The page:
Spy or Die

Can corporate suicide stop the NSA?

When the U.S. government orders a communications company to give up its data, the firm has two basic choices: resist, and risk its leaders going to jail, or comply, and break faith with its customers. On Thursday, Aug. 8, however, two privacy-minded businesses chose a third and unprecedented option: They committed corporate suicide rather than bend to the surveillance state's wishes.

It could just be the opening battles in a new front of the surveillance war.

In a move that blocks governmental monitoring of private email accounts, two secure email providers closed shop on Thursday rather than divulge information about their users to the authorities. The first Dallas-based Lavabit -- which reportedly counts among its users NSA-leaker Edward Snowden -- stopped operations after apparently fighting a losing battle to resist a federal surveillance order. (Snowden called the decision "inspiring" in a note to the Guardian's Glenn Greenwald.) A few hours later, Silent Circle, headquartered outside Washington, D.C., announced it was suspending its encrypted email service as a preemptive measure before ever receiving a command from the government to spy on its users.

The companies' extreme actions put them in an exclusive club. Security and legal experts said they could not recall a company preventing government access to its customers' information by shutting down its business. Some companies have appealed surveillance orders in the courts or attempted to force more public disclosure about the secretive intelligence-gathering process, but they have remained functioning. Refusing to comply with an order also means the government is cut off from potentially valuable information that it may have no other means of obtaining.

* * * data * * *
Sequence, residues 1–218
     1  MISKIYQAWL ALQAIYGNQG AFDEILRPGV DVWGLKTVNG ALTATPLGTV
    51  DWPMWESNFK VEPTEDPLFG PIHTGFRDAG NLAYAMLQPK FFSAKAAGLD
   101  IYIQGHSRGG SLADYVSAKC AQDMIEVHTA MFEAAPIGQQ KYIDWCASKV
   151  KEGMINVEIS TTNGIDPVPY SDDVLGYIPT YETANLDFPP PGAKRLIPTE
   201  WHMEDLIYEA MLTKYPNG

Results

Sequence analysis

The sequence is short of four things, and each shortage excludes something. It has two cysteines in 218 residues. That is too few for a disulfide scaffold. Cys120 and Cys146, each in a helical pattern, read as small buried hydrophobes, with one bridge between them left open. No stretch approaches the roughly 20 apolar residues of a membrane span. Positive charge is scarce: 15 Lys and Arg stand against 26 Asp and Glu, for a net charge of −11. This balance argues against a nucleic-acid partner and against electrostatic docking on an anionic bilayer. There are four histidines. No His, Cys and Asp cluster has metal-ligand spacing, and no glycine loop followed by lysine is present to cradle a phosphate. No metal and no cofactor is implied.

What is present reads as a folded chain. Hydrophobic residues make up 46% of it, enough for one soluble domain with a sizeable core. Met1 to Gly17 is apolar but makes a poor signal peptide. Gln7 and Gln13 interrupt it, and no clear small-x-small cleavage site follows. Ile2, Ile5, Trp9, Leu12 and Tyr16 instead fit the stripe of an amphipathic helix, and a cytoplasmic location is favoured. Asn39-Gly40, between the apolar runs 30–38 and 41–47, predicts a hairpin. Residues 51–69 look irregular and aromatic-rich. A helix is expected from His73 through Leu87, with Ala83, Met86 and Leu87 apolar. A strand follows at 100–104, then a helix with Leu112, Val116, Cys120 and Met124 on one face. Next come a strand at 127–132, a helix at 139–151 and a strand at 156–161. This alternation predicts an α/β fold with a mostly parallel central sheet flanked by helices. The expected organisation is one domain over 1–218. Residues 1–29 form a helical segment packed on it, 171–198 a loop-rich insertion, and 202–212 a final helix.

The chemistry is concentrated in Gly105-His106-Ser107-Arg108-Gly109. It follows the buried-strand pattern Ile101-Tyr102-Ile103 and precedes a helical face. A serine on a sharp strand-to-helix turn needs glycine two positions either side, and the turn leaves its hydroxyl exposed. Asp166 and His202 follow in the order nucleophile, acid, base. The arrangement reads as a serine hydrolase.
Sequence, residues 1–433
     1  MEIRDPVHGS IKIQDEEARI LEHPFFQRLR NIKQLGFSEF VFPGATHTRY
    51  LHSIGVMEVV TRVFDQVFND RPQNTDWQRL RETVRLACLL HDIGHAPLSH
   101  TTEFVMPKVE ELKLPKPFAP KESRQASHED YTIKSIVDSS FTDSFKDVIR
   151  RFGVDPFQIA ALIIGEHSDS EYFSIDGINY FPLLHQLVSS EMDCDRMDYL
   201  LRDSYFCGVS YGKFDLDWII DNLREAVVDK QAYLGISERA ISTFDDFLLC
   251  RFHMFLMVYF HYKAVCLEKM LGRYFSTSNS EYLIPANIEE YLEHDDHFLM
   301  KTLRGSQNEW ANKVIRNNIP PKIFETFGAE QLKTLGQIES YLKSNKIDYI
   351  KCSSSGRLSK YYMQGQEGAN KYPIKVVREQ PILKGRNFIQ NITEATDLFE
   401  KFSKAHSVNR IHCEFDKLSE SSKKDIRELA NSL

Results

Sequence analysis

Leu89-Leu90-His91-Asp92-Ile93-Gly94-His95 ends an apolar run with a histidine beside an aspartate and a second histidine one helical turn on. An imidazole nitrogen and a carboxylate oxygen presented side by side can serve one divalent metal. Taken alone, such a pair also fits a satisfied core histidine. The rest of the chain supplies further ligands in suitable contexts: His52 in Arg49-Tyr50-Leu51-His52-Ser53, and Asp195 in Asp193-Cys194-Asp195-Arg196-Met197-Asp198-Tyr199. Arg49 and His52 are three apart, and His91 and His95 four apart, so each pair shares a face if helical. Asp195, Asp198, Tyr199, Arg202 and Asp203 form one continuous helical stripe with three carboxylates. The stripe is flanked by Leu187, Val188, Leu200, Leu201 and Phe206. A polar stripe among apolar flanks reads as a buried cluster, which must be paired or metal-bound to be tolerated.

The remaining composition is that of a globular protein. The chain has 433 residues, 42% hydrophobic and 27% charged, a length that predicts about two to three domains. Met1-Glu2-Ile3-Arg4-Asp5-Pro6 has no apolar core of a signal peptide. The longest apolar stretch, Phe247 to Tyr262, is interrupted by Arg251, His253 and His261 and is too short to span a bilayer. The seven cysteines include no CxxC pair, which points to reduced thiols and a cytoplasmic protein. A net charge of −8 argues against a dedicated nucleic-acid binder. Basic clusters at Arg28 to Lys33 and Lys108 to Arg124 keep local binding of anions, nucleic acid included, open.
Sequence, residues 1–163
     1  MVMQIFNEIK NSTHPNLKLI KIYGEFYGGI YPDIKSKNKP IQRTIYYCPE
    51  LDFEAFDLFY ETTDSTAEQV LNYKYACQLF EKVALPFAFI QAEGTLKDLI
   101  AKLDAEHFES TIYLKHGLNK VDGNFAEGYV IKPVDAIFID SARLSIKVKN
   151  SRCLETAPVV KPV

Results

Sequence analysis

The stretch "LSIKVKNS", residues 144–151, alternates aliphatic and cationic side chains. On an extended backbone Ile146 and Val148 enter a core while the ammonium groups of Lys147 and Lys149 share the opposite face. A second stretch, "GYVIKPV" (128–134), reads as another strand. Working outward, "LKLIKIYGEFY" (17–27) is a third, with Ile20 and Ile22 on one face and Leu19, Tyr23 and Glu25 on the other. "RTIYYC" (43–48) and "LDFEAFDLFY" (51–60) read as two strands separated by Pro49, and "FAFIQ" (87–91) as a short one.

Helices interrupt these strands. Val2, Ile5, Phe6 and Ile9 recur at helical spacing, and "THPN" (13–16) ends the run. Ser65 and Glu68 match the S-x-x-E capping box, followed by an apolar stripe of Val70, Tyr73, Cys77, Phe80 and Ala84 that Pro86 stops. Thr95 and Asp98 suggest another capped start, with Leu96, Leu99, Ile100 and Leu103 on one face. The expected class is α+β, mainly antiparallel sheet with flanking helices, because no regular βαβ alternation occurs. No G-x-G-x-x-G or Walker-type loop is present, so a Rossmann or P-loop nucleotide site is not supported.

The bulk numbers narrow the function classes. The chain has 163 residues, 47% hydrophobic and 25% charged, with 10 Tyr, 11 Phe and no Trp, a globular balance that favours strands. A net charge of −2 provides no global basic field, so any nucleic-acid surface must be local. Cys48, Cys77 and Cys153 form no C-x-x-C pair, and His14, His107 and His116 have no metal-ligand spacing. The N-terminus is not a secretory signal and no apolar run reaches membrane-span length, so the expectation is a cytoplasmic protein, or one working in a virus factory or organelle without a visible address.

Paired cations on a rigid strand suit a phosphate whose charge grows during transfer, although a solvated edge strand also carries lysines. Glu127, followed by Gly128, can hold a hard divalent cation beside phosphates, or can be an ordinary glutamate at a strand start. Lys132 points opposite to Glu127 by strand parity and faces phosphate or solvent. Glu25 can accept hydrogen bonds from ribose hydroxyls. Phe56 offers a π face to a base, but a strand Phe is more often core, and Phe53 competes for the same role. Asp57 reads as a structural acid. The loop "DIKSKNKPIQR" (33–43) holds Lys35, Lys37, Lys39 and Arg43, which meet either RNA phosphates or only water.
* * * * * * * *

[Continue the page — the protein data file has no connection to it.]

Ladar Levison, the owner and operator of Lavabit, said in a cryptic public message to his users that he had "been forced to make a difficult decision: to become complicit in crimes against the American people or walk away from nearly ten years of hard work by shutting down Lavabit."

Levison didn't say precisely what events had led to his decision, but his letter strongly suggests that he had refused to comply with an official order to hand over Lavabit users' emails and give the government ongoing, prospective access to the company's systems. In the letter, Levison said he was forbidden from discussing "the events that led to my decision." Recipients of secretly issued government surveillance orders are often prohibited from disclosing or discussing them publicly.

Silent Circle, in a letter to its customers, cited Lavabit's decision. "We see the writing the wall, and we have decided that it is best for us to shut down Silent Mail [its encrypted email service] now. We have not received subpoenas, warrants, security letters, or anything else by any government, and this is why we are acting now."

The company also acknowledged that its email service didn't have protections as strong as those for its phone and text services, which can delete communications entirely, as well any corresponding metadata records. Email leaves a digital trail that can be recovered and therefore forcibly disclosed by the authorities.

"Tough decision but we couldn't wait for the inevitable risking member security," Vic Hyder, the company's chief operations officer, wrote on Twitter.

"We huddled this afternoon and saw no other choice," Jon Callas, Silent Circle's chief technology officer and a noted computer security expert, wrote on his Twitter feed.